I know this might be a basic question.

I have an assignment that requires me to understand what a Designated initializers in C are and what it means to initialize a variable with one.

I am not familiar with the term and couldn't find any conclusive definitions.

What is a designated initializer in C?

  • 4
    I'm voting to close this question as off-topic because no serious research done. Nov 9 '17 at 13:09
  • 2
    @chux negative though, I was looking for a duplicate for that but couldn't find one, only some that show how to initialize either an array or a struct, but not even both. Nov 9 '17 at 13:19
  • 3
    @chux SO is supposed to be a repository of high-quality answers to relevant questions, right? As it happened, I had this question today, and was happy to find Bathsheba's concise answer, in a place I can trust. (Yes, I should have my own copy of the C11 standard, but alas, I don't. And anyway, the Standards aren't always the best places for mere mortals to find answers, so a Q and an A here seem perfectly appropriate.) Jul 3 '18 at 17:37
  • Just watched Jason explaining about it here on C++ Weekly channel youtube.com/watch?v=44rs_hX1dxE
    – Tien Do
    Dec 19 '18 at 1:02

Designated initialisers come in two flavours:

1) It provides a quick way of initialising specific elements in an array:

int foo[10] = { [3] = 1, [5] = 2 };

will set all elements to foo to 0, other than index 3 which will be set to 1 and index 5 which will be set to 2.

2) It provides a way of explicitly initialising struct members. For example, for

struct Foo { int a, b; };

you can write

struct Foo foo { .a = 1, .b = 2 };

Note that in this case, members that are not explicitly initialised are initialised as if the instance had static duration.

Both are standard C, but note that C++ does not support either (as constructors can do the job in that language.)

  • Take a look at this for further reading about C++. I believe it's well set for the next standard.
    – DeiDei
    Nov 9 '17 at 13:10
  • @AnttiHaapala: Need to dig out my standard for my final comment before the ruled line. (Alas I'm on the choo choo). I think it's correct.
    – Bathsheba
    Nov 9 '17 at 13:27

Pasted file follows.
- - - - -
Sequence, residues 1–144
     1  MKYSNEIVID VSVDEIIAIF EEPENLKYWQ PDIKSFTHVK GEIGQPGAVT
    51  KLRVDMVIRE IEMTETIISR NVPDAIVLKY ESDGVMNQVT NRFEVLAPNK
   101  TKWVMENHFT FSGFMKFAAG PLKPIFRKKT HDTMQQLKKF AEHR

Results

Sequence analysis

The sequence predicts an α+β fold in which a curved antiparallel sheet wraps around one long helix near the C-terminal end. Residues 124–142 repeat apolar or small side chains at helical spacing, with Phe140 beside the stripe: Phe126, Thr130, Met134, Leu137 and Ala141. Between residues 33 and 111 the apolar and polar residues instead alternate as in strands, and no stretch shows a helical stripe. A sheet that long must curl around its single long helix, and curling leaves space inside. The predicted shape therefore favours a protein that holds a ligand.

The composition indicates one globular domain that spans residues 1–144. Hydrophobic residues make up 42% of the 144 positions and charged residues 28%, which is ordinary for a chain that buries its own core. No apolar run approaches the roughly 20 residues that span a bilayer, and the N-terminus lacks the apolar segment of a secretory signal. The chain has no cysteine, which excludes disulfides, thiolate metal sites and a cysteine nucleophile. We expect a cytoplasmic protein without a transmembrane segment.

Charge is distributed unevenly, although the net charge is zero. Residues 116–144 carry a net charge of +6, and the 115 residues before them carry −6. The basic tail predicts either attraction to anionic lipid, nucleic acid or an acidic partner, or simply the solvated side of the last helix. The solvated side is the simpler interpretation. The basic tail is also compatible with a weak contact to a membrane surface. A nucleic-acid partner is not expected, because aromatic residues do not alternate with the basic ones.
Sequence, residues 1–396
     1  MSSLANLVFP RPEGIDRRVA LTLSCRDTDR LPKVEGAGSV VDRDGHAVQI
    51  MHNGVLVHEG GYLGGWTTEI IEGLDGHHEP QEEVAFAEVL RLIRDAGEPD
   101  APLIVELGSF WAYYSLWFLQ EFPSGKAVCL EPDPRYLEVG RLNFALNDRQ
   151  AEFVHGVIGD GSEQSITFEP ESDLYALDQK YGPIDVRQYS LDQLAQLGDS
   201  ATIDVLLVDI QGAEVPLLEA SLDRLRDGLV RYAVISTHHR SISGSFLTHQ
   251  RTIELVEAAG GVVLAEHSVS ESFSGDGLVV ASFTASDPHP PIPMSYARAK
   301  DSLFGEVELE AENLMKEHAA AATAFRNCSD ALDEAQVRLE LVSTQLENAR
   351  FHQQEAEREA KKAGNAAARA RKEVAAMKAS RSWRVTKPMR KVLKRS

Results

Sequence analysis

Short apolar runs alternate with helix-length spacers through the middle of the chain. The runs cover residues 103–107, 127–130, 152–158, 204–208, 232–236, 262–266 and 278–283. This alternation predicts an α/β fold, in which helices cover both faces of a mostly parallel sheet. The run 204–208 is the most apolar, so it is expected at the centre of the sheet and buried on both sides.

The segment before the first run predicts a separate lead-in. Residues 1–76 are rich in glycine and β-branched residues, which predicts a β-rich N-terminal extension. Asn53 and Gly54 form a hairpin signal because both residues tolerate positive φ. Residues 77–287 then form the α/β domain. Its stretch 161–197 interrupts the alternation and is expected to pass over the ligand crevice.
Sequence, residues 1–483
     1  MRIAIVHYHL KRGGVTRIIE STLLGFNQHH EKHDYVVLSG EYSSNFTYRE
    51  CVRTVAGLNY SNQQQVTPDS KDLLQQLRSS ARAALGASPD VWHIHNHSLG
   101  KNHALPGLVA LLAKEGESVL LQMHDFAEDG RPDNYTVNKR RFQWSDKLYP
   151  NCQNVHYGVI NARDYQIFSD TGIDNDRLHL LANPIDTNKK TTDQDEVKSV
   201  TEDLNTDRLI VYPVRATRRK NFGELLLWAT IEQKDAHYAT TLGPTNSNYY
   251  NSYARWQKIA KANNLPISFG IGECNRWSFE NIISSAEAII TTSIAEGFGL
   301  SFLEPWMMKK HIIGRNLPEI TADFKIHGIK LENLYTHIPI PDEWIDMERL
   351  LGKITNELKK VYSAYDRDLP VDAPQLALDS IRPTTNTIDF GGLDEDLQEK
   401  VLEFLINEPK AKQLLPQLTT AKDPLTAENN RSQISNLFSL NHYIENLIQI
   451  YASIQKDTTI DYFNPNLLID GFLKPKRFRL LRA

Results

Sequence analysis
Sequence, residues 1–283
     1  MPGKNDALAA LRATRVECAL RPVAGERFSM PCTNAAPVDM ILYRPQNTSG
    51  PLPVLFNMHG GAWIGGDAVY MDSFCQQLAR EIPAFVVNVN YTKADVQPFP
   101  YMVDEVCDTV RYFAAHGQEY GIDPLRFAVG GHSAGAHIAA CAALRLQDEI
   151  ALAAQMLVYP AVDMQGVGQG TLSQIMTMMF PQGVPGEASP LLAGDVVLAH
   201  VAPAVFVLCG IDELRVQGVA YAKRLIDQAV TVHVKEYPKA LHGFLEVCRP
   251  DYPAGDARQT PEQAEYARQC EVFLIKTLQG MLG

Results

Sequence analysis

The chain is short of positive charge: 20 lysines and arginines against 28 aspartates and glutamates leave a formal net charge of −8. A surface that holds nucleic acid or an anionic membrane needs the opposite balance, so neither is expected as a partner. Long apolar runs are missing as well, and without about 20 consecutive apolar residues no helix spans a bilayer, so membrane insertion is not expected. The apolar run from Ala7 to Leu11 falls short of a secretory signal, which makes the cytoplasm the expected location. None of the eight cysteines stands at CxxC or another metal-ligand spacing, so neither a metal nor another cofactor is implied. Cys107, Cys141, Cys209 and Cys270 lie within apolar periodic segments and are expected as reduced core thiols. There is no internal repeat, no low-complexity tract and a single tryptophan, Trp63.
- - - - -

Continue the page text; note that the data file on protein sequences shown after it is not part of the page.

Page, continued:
• port70.net/~nsz/c/c11/n1570.html#6.7.9p9 at least unnamed structure members are uninitialized. Nov 9 '17 at 13:29
  • The members (of the variable) that are not explicitly initialized in the code will be automatically initialized by the compiler to 0. Much like all static and global variables are always automatically initialized to 0 when not done explicitly in the code.
    – abetancort
    Jun 26 '20 at 12:49

The Designed Initializer came up since the ISO C99 and is a different and more dynamic way to initialize in C when initializing struct, union or an array.

The biggest difference to standard initialization is that you don't have to declare the elements in a fixed order and you can also omit element.

From The GNU Guide:

Standard C90 requires the elements of an initializer to appear in a fixed order, the same as the order of the elements in the array or structure being initialized.

In ISO C99 you can give the elements in random order, specifying the array indices or structure field names they apply to, and GNU C allows this as an extension in C90 mode as well


1. Array Index

Standard Initialization

  int a[6] = { 0, 0, 15, 0, 29, 0 };

Designed Initialization

  int a[6] = {[4] = 29, [2] = 15 }; // or
  int a[6] = {[4]29 , [2]15 }; // or
  int widths[] = { [0 ... 9] = 1, [10 ... 99] = 2, [100] = 3 };

2. Struct or union:

Standard Initialization

struct point { int x, y; };

Designed Initialization

 struct point p = { .y = 2, .x = 3 }; or
 struct point p = { y: 2, x: 3 };

3. Combine naming elements with ordinary C initialization of successive elements:

Standard Initialization

int a[6] = { 0, v1, v2, 0, v4, 0 };

Designed Initialization

int a[6] = { [1] = v1, v2, [4] = v4 };

4. Others:

Labeling the elements of an array initializer

int whitespace[256] = { [' '] = 1, ['\t'] = 1, ['\h'] = 1,
                        ['\f'] = 1, ['\n'] = 1, ['\r'] = 1 };

write a series of ‘.fieldname’ and ‘[index]’ designators before an ‘=’ to specify a nested subobject to initialize

struct point ptarray[10] = { [2].y = yv2, [2].x = xv2, [0].x = xv0 };


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